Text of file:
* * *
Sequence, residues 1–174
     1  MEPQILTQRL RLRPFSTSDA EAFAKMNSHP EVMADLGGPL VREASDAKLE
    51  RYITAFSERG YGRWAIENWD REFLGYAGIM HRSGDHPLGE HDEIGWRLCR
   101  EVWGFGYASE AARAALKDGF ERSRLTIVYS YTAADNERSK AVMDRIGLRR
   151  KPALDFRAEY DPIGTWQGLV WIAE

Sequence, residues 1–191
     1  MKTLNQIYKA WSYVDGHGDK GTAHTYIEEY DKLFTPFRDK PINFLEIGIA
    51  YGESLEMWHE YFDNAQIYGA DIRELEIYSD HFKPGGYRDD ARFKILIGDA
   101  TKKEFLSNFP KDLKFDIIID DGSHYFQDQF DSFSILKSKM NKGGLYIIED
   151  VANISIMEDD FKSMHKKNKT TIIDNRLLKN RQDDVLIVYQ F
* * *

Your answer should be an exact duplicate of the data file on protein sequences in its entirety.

Sequence, residues 1–174
     1  MEPQILTQRL RLRPFSTSDA EAFAKMNSHP EVMADLGGPL VREASDAKLE
    51  RYITAFSERG YGRWAIENWD REFLGYAGIM HRSGDHPLGE HDEIGWRLCR
   101  EVWGFGYASE AARAALKDGF ERSRLTIVYS YTAADNERSK AVMDRIGLRR
   151  KPALDFRAEY DPIGTWQGLV WIAE

Sequence, residues 1–191
     1  MKTLNQIYKA WSYVDGHGDK GTAHTYIEEY DKLFTPFRDK PINFLEIGIA
    51  YGESLEMWHE YFDNAQIYGA DIRELEIYSD HFKPGGYRDD ARFKILIGDA
   101  TKKEFLSNFP KDLKFDIIID DGSHYFQDQF DSFSILKSKM NKGGLYIIED
   151  VANISIMEDD FKSMHKKNKT TIIDNRLLKN RQDDVLIVYQ F